“The Legs of a Potential Scandal”

This morning blogger Robert Stacy McCain (The Other McCain) directed his readers to an article in New York magazine by Joe Hagan “about the suspicions surrounding Goldman Sachs, insurance giant AIG, and last fall’s TARP bailout:

” [[The AIG rescue is the incident from which all other Goldman conspiracy theories spring — the original sin, in a sense, of Goldman’s current public tarring. It’s the act that first made the average man on the street sit up and say, “Hey, wait a minute. The secretary of the Treasury [i.e. Henry Paulson], who used to be the Goldman CEO, just spent $85 billion to buy a failing insurance giant that happened to owe his former firm a lot of money. Does that smell right to you?” It also seems to have the legs of a potential scandal, with Neil Barofsky, the inspector general overseeing the Troubled Asset Relief Program, conducting an audit of the buyout.
Then again, if you’ve just posted $3.44 billion in second-quarter profits in an environment where, say, Morgan Stanley just reported a $1.26 billion loss, what does it matter what people say? . . .]]”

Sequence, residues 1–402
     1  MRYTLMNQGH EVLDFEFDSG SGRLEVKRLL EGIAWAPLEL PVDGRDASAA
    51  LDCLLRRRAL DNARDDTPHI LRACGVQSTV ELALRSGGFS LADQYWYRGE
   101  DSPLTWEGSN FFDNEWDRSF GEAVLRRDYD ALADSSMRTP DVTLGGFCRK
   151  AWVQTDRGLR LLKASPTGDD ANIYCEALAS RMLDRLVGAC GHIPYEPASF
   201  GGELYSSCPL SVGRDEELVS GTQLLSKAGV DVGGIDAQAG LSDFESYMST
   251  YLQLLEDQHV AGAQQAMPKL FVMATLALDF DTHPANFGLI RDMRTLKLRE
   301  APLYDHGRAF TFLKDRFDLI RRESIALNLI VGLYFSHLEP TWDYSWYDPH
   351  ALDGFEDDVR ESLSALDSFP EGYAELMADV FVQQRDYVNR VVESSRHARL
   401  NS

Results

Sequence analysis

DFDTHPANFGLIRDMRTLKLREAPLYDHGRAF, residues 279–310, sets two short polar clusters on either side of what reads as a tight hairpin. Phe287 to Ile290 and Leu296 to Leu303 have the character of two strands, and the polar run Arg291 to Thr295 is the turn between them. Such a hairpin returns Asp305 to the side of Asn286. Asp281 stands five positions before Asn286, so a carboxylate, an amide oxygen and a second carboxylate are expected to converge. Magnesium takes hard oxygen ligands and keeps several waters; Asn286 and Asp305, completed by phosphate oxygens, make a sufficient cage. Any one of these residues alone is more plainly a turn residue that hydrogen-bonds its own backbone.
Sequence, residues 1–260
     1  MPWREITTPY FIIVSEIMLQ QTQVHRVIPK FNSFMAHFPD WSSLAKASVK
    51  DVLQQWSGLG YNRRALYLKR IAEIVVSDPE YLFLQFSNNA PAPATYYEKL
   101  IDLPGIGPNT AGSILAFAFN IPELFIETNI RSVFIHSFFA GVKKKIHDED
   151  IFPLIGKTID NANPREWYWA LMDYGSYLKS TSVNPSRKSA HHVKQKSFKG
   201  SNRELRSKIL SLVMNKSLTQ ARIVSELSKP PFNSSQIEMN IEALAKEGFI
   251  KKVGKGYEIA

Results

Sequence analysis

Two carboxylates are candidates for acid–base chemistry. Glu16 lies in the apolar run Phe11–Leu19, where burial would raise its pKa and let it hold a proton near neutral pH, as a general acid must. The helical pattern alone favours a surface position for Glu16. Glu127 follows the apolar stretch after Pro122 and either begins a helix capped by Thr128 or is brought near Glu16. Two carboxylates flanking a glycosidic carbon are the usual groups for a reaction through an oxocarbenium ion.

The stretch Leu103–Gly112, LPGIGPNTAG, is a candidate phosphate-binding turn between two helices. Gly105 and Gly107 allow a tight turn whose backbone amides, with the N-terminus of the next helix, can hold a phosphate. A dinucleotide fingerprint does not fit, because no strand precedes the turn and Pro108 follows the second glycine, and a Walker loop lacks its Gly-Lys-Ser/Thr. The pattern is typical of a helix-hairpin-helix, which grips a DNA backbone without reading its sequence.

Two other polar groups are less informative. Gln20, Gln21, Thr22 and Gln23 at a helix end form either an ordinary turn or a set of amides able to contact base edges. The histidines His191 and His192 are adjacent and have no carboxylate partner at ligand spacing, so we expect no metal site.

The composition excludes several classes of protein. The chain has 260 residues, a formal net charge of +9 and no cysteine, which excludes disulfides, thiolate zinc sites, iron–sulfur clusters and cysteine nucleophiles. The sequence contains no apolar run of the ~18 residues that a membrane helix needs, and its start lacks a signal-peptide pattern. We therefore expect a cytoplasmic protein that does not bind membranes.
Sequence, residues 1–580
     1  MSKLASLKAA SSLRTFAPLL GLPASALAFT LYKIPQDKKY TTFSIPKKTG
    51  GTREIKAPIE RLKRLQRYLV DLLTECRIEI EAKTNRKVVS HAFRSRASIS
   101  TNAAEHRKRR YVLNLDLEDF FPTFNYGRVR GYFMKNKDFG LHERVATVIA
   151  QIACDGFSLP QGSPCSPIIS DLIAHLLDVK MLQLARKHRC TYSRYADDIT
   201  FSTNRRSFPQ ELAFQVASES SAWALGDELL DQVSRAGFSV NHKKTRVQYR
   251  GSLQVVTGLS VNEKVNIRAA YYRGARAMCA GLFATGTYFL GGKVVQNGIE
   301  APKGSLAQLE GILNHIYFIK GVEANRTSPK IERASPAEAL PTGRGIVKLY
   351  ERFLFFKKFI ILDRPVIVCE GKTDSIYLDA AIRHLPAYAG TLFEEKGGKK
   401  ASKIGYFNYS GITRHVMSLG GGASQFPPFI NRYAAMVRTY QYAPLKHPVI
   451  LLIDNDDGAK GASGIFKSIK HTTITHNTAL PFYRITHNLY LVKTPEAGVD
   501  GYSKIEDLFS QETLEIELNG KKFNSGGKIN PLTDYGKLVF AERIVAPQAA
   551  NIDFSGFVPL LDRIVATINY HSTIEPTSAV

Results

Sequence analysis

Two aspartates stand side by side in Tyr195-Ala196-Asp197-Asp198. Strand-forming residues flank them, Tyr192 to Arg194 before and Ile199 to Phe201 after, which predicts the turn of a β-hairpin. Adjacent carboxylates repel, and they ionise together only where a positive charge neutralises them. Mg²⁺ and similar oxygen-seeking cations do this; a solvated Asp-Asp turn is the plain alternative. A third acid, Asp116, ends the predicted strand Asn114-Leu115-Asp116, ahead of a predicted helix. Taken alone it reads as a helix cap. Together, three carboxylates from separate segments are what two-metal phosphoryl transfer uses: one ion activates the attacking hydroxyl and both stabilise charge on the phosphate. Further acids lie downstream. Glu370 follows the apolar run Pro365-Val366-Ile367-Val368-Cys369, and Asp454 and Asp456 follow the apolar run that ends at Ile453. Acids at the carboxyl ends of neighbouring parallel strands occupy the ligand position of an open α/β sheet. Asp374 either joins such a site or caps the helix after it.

McCain writes, “These three facts — (a) Goldman has spectacularly profited, at a time of rising unemployment, foreclosures and bank failures, (b) Goldman was the primary beneficiary of the TARP bailout, and (c) Goldman’s former CEO was the driving force behind TARP — are hard to reconcile in any way that doesn’t raise the suspicion of corruption.”

From the article:

[[…The decision that put Goldman’s reputation in play is now almost a year old. On the weekend of September 12, 2008, as the financial system shuddered and appeared to be on the verge of lurching to a halt, two Goldman Sachs men, former CEO Hank Paulson and current CEO Lloyd Blankfein, huddled with other banking heads at the Federal Reserve Bank of New York to consider how to stave off disaster. Bear Stearns was dead. Merrill Lynch, run by another former Goldman man, John Thain, was in desperate need of a savior. And now Lehman Brothers was on the brink. As secretary of the Treasury, Paulson asked the banks to come up with a private-funding solution for Lehman before it imploded from lack of cash. But all the banks had been scrambling for cash reserves or strategic mergers to buffer against a rapid freeze in lending. No one was able, or willing, to help…]]

Read the entire New York magazine article

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